Last Year’s Repertoire

The 2015 INFORMED FLUTIST camp–1st annual–had everything in 3’s — 3 rounds of auditions, 3 “tool kits”, and 3 repertoire lists! (see below).

“How are you going to get through all that?” said Robert Willoughby to Leela and I when we showed him our brochure.  home_header_new2

Well, he was right, it was a lot to cover, and it didn’t help that we got rained out on our final day. (Heavy rains made driving treacherous; the University was official closed, and with much sadness, we decided it would be best  to cancel the last half-day of the class, to make sure everyone stayed safe, and those who had long drives or airplane flights  that day would make it out of town early.

For 2016 we will have simplified a little bit to make the Camp even more about orchestral repertoire. There are  excerpts (some “top 10”, some more unusual  , a narrower selection of solo rep  AND  orchestra duos and trios in order to work on the teamwork of orchestral playing.

.  See “ABOUT US” page for details.



Orchestral Colors: Afternoon of a Faun, Daphnis, Mendelssohn Scherzo, Das Lied von der Erde, Bartok Concerto for Orchestra, Brahms I, Prokoviev Romeo and Juliet, Shostakovich 7

Historical Perspectives: Bach B-minor Mass, St. Matthew Passion, Dance of the Blessed Sprits, Leonore Overture, Brahms IV

Concertos and Solos: Syrynx, Bach Partita, Martin Ballade, Nielsen Concerto Mvt. I, Mozart G & D expositions.

Mock auditions each day provide an opportunity to think about all aspects of the audition process by focusing on both sides of the “screen”

Participants will make acoustic observations while listening to an orchestra in concert and later experiment with excerpts and acoustics on the stage of the same concert hall.

Participants will ​gain deeper insight and practical application of historical principles to bring a new HIP (Historically Informed Performance) dimension to their playing!

interpretation: legato, meter, researching, critical listening, historical informed performance (HIP) , try a Baroque flute, dynamics and intonation in micro- and macro-view

efficiency: sound production, vibrato, breathing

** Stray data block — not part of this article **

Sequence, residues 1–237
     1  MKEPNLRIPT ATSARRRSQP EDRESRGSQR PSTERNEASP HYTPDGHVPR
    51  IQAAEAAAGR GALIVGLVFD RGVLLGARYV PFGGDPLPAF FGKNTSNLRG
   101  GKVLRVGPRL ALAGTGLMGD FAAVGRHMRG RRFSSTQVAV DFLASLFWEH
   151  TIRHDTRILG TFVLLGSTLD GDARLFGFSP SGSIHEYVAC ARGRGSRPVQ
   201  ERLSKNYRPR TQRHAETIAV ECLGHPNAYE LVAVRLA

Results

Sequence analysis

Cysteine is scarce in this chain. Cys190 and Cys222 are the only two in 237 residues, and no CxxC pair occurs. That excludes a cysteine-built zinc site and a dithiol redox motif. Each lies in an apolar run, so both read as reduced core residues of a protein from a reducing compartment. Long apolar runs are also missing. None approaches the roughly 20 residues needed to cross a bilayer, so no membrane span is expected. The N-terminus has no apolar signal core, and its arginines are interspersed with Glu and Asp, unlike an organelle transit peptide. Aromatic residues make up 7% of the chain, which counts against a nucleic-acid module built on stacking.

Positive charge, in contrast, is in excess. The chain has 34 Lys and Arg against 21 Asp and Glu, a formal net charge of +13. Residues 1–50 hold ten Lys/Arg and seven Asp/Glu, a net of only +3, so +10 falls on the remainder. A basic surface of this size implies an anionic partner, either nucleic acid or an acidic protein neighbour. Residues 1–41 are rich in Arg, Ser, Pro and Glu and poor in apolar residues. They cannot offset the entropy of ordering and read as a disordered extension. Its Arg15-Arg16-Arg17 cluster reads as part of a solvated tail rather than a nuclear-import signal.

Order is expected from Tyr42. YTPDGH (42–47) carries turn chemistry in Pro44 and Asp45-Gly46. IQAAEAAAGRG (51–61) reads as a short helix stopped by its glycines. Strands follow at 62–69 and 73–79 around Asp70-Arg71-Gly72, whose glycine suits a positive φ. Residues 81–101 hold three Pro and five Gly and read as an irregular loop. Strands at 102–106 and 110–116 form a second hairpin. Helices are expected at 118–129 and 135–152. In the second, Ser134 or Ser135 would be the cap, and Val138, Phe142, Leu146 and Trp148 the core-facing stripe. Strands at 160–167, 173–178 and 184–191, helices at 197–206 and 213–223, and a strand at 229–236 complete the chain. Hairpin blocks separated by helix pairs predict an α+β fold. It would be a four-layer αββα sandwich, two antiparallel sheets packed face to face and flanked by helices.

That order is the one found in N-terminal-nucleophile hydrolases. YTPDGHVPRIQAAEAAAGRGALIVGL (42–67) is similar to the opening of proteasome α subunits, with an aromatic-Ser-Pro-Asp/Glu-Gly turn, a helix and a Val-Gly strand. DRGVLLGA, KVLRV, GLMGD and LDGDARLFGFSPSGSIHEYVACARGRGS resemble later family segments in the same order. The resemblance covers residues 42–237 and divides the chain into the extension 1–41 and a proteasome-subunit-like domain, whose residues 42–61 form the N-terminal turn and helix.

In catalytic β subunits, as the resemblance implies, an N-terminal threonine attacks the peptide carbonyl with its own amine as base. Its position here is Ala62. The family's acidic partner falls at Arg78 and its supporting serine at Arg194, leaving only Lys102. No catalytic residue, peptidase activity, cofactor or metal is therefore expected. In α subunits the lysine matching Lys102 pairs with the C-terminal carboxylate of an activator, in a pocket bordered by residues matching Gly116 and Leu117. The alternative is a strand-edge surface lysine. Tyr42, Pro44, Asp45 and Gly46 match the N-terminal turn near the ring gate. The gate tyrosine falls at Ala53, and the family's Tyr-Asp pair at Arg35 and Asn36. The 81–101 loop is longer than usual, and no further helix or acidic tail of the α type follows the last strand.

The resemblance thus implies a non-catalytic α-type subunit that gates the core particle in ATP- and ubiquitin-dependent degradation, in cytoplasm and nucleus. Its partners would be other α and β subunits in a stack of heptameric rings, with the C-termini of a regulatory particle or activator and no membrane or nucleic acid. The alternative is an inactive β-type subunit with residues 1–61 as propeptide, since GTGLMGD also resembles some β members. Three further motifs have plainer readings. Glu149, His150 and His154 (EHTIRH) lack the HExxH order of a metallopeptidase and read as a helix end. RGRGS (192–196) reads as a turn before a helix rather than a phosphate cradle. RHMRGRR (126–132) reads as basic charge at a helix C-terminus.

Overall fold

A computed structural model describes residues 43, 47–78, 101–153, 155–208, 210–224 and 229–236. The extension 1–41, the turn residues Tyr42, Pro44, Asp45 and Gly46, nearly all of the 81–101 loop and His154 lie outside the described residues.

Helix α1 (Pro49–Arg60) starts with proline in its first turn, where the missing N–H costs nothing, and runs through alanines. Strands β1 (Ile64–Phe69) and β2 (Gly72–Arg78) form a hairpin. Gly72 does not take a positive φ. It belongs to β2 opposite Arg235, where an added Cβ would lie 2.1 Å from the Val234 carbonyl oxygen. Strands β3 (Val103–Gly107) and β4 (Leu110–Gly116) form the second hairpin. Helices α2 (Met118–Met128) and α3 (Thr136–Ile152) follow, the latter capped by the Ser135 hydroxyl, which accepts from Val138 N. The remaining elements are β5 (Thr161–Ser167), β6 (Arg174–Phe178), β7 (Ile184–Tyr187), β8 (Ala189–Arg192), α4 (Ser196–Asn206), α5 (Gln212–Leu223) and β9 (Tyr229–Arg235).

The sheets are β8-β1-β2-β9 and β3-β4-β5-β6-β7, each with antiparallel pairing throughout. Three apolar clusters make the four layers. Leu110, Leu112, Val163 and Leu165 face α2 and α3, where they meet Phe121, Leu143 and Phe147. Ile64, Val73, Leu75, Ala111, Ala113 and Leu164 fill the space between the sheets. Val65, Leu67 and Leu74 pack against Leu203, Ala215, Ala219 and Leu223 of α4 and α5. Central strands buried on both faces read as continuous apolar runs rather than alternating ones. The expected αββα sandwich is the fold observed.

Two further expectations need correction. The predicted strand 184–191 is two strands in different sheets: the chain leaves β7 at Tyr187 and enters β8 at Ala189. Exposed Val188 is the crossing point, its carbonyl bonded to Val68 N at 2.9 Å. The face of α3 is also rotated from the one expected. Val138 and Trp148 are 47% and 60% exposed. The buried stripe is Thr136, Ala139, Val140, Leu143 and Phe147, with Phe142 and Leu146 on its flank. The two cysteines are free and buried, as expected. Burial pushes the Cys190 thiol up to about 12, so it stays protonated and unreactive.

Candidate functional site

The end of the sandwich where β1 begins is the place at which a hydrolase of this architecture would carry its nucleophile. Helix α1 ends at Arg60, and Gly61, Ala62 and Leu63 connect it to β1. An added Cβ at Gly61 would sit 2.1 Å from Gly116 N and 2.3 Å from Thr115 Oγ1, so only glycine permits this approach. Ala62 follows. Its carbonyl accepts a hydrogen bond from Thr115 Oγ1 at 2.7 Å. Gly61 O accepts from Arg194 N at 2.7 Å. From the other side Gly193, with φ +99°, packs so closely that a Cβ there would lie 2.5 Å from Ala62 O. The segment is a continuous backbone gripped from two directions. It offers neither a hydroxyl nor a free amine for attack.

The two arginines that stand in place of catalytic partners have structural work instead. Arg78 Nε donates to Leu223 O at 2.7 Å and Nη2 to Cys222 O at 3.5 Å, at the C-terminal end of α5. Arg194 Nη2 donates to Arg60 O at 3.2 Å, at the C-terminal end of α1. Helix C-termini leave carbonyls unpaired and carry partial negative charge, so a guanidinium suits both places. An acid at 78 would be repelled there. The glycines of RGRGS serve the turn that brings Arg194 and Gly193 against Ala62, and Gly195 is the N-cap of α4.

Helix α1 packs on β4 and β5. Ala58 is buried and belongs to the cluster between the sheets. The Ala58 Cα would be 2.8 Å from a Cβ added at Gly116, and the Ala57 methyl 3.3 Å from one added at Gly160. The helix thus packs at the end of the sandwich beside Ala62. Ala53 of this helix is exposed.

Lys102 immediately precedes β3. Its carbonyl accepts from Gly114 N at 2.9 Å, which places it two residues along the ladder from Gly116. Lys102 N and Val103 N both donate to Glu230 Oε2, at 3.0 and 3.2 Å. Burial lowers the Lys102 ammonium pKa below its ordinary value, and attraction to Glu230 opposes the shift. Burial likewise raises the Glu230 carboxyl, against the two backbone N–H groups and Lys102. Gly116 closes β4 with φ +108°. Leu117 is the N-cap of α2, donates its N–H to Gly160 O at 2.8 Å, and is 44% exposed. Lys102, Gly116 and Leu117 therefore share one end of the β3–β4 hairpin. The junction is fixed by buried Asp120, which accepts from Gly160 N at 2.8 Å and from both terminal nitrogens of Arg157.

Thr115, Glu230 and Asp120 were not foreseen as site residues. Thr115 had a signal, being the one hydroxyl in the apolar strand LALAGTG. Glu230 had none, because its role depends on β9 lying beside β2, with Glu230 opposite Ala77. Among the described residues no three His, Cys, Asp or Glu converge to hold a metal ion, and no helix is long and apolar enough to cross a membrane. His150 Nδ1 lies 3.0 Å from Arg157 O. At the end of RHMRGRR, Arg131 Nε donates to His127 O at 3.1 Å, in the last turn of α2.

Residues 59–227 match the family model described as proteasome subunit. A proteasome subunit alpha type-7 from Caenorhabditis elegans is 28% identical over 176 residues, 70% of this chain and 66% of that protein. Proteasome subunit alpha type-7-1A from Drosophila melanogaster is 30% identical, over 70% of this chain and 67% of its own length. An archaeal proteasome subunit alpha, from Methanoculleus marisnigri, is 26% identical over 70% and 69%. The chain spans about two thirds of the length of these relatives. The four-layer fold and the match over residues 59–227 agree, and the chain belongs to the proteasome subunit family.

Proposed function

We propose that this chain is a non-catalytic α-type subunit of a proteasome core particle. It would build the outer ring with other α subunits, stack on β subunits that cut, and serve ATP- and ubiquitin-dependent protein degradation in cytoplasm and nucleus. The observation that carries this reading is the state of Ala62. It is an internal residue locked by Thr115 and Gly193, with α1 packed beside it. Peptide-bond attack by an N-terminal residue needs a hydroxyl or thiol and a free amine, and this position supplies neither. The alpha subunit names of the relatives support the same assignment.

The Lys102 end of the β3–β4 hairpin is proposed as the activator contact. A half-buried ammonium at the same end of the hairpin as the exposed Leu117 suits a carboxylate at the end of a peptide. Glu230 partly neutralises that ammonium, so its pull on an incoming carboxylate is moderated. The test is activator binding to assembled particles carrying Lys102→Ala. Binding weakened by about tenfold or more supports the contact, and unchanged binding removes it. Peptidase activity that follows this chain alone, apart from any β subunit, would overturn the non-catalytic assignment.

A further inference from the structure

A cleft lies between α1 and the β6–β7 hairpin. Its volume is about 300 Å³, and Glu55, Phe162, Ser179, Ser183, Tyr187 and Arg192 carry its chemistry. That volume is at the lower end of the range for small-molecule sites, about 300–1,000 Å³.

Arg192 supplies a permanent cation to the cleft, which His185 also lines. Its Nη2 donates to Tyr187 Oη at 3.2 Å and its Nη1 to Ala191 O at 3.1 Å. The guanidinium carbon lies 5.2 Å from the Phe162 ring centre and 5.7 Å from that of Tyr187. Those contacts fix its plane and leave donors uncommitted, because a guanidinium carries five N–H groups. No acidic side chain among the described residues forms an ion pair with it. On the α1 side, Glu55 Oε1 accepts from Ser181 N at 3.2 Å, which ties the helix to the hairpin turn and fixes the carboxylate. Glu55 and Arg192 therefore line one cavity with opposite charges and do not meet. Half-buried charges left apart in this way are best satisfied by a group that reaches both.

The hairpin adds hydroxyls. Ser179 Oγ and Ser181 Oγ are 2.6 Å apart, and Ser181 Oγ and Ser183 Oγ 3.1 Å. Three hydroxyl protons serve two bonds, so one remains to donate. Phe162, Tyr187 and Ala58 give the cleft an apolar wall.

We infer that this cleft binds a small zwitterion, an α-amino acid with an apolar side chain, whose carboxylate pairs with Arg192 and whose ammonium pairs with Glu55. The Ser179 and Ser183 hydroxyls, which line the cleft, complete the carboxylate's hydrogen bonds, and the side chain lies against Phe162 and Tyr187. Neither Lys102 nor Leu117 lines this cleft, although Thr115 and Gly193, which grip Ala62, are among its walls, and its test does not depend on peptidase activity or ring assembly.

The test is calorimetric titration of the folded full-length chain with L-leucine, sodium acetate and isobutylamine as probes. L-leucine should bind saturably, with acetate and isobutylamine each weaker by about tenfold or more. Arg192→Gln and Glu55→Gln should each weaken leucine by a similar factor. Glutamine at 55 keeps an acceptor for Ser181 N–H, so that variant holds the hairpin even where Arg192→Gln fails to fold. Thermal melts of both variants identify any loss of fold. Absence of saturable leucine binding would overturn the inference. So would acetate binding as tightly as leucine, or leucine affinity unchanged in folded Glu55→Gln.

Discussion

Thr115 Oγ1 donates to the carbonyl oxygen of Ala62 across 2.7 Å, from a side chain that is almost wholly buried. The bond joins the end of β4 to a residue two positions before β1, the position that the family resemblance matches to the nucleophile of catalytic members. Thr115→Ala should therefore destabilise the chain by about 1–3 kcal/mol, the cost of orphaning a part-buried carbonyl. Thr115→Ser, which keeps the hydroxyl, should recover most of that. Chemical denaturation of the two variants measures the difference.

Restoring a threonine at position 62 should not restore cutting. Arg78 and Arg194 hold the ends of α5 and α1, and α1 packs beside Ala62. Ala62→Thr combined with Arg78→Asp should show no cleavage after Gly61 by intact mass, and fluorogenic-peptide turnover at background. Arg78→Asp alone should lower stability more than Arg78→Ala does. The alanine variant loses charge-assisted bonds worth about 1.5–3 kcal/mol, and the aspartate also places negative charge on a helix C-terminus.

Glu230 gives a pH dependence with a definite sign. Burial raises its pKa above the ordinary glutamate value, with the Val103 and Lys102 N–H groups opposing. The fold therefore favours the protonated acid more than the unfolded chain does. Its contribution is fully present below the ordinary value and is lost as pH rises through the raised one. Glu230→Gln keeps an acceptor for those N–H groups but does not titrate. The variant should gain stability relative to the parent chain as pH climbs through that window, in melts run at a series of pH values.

intention: mental preparation, stage presence, being an excellent colleague, creating performance opportunities


Round 1  – Prelims – Sunday, June 14

Mozart Flute Concerto in G Major, exposition only, without piano accompaniment

Lenore Overture #3 (solo from Allegro section only)

Brahms Symphony No. 1, Mvt. 4, solo only

Mendelssohn Scherzo from Midsummer Night’s Dream

Prokoviev Romeo and Juliet selections (excerpts provided)

Round 2 – Semi-Finals Monday, June 15

Bach “Aus Liebe” from St. Matthew Passion

Bartok Concerto for Orchestra Mvt. 4 (cadenza) (excerpt provided)

Debussy Afternoon of a Faun

Ravel Daphnis et Chloe – solo

Shostakovich Symphony No. 6 (excerpt provided)

Round 3 – Finals – Tuesday June 16

Beethoven Leonore Overture # 3 (solo from Allegro section only)

Gluck Dance of the Blessed Spirits

Mahler Das Lied von der Erde (excerpts from Theodore Presser)

Mendelssohn Scherzo from Midsummer Night’s Dream

All passages can be found in the Theodore Presser Orchestral Excerpts collection, except those noted above.

Application Deadline Extended

March and April have been  extremely busy months for me–and for most of the  musicians I know!

We are extending the application deadline for this summer’s The Informed Flutist for another week or so, because it’s been hard for any of us to carve out time to firm up summer plans these past few weeks!

If you are thinking you might like to perform in this June’s intensive orchestral repertoire workshop’s mock auditions and coachings,  please let me know via e-mail to:, so I can be in touch with you about receiving your application materials.

If you are on the fence, or would like to consider it for another summer, like 2016, I’d still love to hear from you!

Application materials still need to be sent to the Texas Music Festival office via regular, old-fashioned mail –if possible by Friday, April 17th.

–Aralee Dorough


Who is the Informed Flutist?